Ticks in the dog

Ticks in the dog

Ticks are a nuisance for every dog and for the owner. Whether on short or long walks, in spring or autumn, dog owners always have to search for and remove ticks from their dogs. But humans are also not immune to ticks. These parasites are uncomfortable because the places where they sucked blood can catch fire. There is also a risk of transmission of serious pathogens. But where do ticks occur most frequently? What diseases do they transmit, how are they removed correctly and how can they be prevented?

Tick ​​species and their occurrence

Ticks are not insects, but arachnids. According to estimates, there are around 800 different tick species worldwide, but only 19 of them are native to Europe, about 30 species are native to north America. The tortoise species is predominant in Europe. It also includes the brown dog tick, the common woodbuck and the riparian tick (also the colored tick), which occur most frequently here in dogs.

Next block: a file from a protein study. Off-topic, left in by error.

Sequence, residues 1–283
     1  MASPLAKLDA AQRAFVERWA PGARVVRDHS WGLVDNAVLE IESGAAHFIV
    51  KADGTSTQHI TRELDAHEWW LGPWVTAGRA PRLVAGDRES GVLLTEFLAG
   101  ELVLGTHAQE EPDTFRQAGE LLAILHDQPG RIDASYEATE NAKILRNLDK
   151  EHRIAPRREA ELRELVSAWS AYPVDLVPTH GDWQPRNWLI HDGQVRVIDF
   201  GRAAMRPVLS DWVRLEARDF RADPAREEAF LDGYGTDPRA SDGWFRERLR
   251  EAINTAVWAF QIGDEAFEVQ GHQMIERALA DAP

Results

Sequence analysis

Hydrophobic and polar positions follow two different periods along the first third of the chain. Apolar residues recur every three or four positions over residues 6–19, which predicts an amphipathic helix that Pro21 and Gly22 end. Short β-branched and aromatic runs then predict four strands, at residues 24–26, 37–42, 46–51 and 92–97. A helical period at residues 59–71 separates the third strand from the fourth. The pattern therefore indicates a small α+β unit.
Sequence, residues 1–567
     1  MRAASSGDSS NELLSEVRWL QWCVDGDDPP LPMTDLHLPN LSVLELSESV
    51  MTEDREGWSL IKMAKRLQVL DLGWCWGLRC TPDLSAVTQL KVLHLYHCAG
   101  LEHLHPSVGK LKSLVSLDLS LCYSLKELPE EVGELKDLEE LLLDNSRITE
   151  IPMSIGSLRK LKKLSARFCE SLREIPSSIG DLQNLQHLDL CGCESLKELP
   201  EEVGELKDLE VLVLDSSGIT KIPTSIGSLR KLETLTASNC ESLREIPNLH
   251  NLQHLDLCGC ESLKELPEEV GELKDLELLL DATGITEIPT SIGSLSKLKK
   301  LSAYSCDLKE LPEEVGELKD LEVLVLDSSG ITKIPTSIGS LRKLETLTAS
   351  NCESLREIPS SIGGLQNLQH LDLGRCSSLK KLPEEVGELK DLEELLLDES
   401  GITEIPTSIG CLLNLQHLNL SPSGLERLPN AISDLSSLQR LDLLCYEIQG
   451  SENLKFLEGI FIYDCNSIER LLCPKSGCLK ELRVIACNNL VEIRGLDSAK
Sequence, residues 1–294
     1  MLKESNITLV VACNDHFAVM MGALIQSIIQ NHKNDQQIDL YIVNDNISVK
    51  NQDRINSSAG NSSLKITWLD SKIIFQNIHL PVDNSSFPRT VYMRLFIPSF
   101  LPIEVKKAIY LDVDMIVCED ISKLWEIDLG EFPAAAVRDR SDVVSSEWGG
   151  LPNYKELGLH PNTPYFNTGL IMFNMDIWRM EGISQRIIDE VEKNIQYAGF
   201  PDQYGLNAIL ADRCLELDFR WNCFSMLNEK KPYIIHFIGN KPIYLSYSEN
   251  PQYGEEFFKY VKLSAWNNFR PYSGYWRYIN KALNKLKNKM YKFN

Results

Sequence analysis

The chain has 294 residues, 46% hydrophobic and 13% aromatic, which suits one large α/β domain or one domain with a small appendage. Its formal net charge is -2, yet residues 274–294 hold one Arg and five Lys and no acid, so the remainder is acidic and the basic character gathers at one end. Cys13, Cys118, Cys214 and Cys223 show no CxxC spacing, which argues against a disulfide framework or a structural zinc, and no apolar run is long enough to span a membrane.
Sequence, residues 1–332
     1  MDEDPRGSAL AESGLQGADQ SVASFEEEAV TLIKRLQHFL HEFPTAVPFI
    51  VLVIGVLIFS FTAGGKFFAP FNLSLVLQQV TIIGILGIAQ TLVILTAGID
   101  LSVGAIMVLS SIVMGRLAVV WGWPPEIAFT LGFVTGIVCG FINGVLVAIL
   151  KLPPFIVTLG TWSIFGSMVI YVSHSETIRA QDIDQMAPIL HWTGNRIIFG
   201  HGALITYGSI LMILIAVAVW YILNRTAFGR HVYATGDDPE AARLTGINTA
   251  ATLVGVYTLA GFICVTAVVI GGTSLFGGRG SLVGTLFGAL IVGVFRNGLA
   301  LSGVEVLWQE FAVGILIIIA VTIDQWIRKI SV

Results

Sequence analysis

Ticks prefer to stay in damp and shady places. They avoid dryness and direct sunlight. They are increasingly to be found on natural meadows, near water bodies and in the undergrowth of forests. So ticks live near the ground and do not let themselves fall from trees, as is sometimes assumed.

They become active from around 7 ° C. However, they also survive low temperatures very well, so mild winters are an advantage for the ticks. As a result, less of the parasites freeze and warmer temperatures make them active over a longer period of the year. A tick activity can be determined from February to November.